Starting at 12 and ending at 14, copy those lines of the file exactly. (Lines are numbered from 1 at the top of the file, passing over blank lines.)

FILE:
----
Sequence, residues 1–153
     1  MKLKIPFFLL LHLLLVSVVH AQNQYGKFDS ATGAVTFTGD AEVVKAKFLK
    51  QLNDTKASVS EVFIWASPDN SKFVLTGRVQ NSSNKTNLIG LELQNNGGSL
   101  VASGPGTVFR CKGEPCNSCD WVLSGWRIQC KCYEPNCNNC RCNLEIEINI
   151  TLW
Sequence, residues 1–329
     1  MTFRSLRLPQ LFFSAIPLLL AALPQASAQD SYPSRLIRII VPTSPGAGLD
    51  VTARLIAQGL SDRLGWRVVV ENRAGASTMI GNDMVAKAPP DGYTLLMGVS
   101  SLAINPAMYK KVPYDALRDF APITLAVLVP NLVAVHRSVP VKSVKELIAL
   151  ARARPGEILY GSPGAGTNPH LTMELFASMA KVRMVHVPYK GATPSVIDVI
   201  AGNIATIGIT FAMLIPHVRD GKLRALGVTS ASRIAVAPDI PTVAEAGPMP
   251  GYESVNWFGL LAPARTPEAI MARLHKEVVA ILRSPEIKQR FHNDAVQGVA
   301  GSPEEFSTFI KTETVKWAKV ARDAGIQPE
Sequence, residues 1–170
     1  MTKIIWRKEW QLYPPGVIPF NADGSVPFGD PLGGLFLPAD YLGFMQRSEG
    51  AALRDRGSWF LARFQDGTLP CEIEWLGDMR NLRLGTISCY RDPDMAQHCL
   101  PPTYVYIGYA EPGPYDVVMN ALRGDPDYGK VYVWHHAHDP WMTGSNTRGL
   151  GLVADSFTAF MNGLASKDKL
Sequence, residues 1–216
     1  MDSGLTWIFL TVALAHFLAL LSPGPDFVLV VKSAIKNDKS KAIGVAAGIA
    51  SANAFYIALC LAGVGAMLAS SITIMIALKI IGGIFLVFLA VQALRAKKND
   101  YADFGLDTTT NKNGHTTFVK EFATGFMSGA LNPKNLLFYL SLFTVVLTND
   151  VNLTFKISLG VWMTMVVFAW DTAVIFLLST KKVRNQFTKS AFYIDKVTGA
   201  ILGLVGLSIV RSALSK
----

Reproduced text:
   251  GYESVNWFGL LAPARTPEAI MARLHKEVVA ILRSPEIKQR FHNDAVQGVA
   301  GSPEEFSTFI KTETVKWAKV ARDAGIQPE
Sequence, residues 1–170